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Defence

BRO CARRIES OUT RESCUE, RELIEF OPERATIONS IN FLOOD-HIT HIMACHAL

Ashish Singh

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Border Roads Organisation (BRO) is carrying out rescue and relief operations in Himachal Pradesh that is witnessing flash floods and landslides due to heavy rainfall. In the Lahaul & Spiti Valley, the strategic Manali-Sarchu road was closed for traffic at various places due to multiple landslides. BRO’s Project Deepak located at Shimla immediately despatched its trained Engineering Task Force with personnel and equipment to undertake the rescue and road clearing operations.

On July 29th, on one such stretch near Sarchu ahead of Baralachala pass on Manali Leh road, a number of civilians, including women and children, were stranded and facing problems due to lack of oxygen in inclement high-altitude conditions. The BRO team cleared the landslide, amidst a series of other landslides, near Kenlung Sarai located at an altitude of 14,480 ft and rescued the people. However, Naik Reetesh Kumar Pal of Project Deepak, who was part of the rescue efforts, lost his life. The road was, later, opened for traffic.In another incident on July 27th, a separate Engineer Task Force of BRO was deployed for clearance of Kiler–Tandi road which was blocked due to heavy landslides. Two passenger vehicles were stranded in the area. The team, which had already cleared two landslides en-route, carried out a late night clearance operation to save lives of civilians stranded in the slide zone. During the operation, some members of the team, six civilians and a civil vehicle were washed away by a sudden flash flood. Junior Engineer Rahul Kumar lost his life in the incident, while others were rescued by the BRO personnel.The BRO personnel, later, cleared the landslide, rescued the stranded passengers and moved them to safer locations.

Border Roads Organisation (BRO) has restored connectivity at Yarlung-Lamang road in Shi Yomi district of Arunachal Pradesh. On July 27th, the road was breached at multiple locations due to incessant rain and cloud burst.Project Brahmank of BRO had mobilised its Engineer Task Force and Quick Response Team comprising skilled manpower and equipment like JCB, Dozers and Excavators. Braving tough weather conditions, fifty BRO personnel continued round-the-clock restoration work day with heavy equipment. The line of communication was restored for pedestrians and transhipment facility was provided to the Armed Forces personnel so that essential services like ration and medical facility reach the troops deployed at forward areas. The light vehicle connectivity was restored on July 28th. The BRO continues to deploy its resources to ensure full connectivity by today.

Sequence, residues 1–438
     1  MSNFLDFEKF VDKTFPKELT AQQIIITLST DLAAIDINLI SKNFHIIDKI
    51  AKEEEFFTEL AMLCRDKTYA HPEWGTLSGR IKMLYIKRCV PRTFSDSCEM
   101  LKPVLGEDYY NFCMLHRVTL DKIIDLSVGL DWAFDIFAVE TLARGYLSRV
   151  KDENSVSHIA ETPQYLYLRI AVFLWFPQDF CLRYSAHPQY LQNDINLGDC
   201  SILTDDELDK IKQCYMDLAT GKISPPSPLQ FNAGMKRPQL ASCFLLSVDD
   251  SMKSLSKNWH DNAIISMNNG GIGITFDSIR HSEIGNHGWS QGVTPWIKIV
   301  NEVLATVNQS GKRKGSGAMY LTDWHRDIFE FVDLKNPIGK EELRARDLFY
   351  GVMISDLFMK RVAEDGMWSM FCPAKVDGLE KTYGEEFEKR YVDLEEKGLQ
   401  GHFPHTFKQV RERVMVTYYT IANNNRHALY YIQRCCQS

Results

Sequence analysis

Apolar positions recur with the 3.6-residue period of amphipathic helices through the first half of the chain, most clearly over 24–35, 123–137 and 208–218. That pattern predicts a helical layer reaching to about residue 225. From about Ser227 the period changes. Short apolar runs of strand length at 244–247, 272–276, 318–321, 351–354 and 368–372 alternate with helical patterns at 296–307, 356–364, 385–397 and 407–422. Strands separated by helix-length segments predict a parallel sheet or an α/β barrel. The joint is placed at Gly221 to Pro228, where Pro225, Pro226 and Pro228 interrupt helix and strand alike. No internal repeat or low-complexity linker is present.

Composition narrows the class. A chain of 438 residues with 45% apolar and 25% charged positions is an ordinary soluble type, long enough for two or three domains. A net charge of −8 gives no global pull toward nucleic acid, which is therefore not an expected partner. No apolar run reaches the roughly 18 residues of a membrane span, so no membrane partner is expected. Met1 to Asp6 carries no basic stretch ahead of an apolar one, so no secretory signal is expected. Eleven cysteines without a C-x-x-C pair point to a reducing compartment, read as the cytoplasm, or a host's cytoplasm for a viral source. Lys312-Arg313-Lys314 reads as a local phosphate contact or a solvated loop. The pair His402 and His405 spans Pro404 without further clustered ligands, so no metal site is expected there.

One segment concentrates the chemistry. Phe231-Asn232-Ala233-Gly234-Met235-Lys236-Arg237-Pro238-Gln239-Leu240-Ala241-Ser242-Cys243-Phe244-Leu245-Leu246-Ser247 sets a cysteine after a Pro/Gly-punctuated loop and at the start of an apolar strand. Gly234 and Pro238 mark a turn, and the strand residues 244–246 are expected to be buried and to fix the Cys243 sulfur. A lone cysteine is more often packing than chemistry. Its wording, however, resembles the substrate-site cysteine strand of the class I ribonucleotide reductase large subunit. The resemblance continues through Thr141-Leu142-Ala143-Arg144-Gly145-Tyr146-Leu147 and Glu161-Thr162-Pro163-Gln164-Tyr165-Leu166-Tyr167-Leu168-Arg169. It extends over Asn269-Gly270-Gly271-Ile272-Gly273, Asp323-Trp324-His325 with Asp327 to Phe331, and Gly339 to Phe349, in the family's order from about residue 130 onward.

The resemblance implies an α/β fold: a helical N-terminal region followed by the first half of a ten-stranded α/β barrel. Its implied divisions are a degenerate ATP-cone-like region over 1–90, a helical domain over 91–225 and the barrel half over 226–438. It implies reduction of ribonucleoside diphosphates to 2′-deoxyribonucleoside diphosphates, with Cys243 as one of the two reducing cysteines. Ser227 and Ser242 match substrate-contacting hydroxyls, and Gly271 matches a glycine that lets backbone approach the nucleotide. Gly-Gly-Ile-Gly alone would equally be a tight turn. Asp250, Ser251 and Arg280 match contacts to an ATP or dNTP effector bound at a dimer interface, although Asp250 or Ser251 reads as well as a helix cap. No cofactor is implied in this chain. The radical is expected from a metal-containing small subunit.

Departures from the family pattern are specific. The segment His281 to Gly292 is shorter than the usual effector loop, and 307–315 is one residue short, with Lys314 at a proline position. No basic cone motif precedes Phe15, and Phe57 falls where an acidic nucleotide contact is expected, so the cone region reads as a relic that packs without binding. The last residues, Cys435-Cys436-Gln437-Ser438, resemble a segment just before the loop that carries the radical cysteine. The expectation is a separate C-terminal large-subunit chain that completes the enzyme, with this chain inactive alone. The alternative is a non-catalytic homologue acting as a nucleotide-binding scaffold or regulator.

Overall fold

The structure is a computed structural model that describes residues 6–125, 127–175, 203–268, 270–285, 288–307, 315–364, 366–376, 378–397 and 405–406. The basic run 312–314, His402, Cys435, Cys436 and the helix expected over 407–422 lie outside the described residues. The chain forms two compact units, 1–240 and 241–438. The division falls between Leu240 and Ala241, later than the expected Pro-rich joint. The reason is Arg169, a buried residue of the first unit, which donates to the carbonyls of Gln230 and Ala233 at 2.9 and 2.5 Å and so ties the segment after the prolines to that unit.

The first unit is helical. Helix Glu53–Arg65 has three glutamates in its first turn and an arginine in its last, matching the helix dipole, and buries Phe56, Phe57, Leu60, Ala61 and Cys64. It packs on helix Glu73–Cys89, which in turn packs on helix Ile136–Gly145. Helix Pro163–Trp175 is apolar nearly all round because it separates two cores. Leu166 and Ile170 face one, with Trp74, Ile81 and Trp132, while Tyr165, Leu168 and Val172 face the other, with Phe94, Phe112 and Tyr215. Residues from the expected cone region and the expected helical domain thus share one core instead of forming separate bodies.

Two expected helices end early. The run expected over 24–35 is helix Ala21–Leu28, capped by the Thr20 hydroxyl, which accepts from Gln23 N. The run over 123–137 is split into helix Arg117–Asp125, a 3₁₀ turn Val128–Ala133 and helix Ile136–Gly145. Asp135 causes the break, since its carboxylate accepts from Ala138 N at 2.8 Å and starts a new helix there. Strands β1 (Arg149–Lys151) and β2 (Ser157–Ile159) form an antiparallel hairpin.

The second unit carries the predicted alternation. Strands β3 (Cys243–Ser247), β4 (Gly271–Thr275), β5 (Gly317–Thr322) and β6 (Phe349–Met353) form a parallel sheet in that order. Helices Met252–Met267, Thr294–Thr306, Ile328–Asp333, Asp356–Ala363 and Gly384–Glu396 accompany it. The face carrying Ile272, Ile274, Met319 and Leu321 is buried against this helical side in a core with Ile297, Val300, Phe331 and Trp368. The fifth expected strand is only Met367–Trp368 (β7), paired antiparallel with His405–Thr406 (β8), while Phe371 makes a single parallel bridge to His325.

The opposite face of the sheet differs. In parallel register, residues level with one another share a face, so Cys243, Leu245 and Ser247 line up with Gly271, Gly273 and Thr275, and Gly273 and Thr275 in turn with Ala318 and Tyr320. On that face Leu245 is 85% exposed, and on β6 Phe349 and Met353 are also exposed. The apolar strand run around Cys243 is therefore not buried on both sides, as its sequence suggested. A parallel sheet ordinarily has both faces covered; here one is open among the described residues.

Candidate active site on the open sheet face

The road under Project Brahmank of BRO was inaugurated on June 17, 2021. The strategically important road is crucial for the Armed Forces personnel posted in forward areas as well as the villages.

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Defence

12TH EDITION OF INDIA-RUSSIA EXERCISE INDRA-21 BEGINS

The Indian Navy was represented by the stealth Frigate INS Tabar, while the Russian Federation Navy was represented by Corvettes RFS Zelyony Dol and RFS Odintsovo of the Baltic Fleet.

Ashish Singh

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12th Edition of Indo-Russia joint military Exercise INDRA 2021 is being held at Volgograd, Russia from 1st to 13th August. The exercise will entail conduct of counter terror operations under the United Nations mandate by a joint force against international terror groups.250 personnel from both the nations will form part of the exercise. The Indian Army contingent comprising of a Mechanised Infantry Battalion underwent rigorous training at different locations in India to refine their drills for participation in the joint exercise. Exercise INDRA-21 will further strengthen mutual confidence and interoperability between the Indian & Russian Armies and enable sharing of best practices between the contingents of both the countries. The exercise will be yet another milestone in strengthening security cooperation and will serve to reinforce the longstanding bond of friendship between India and Russia.

The 12th edition of exercise INDRA NAVY, a biennial bilateral maritime exercise between Indian Navy and Russian Navy was held in the Baltic Sea last week. Initiated in 2003, Ex INDRA NAVY epitomises the long-term strategic relationship between the two navies. This exercise was undertaken as part of the visit of INS Tabar to St Petersburg, Russia to participate in the 325th Navy Day celebrations of the Russian Navy.INDRA NAVY has matured over the years with increase in scope, complexity of operations and level of participation. The primary aim of this year’s edition is to further consolidate inter-operability built up by the two Navies over the years and also to enhance understanding and procedures for multi-faceted maritime operations. The scope of this edition includes wide-ranging and diverse activities across the spectrum of maritime operations.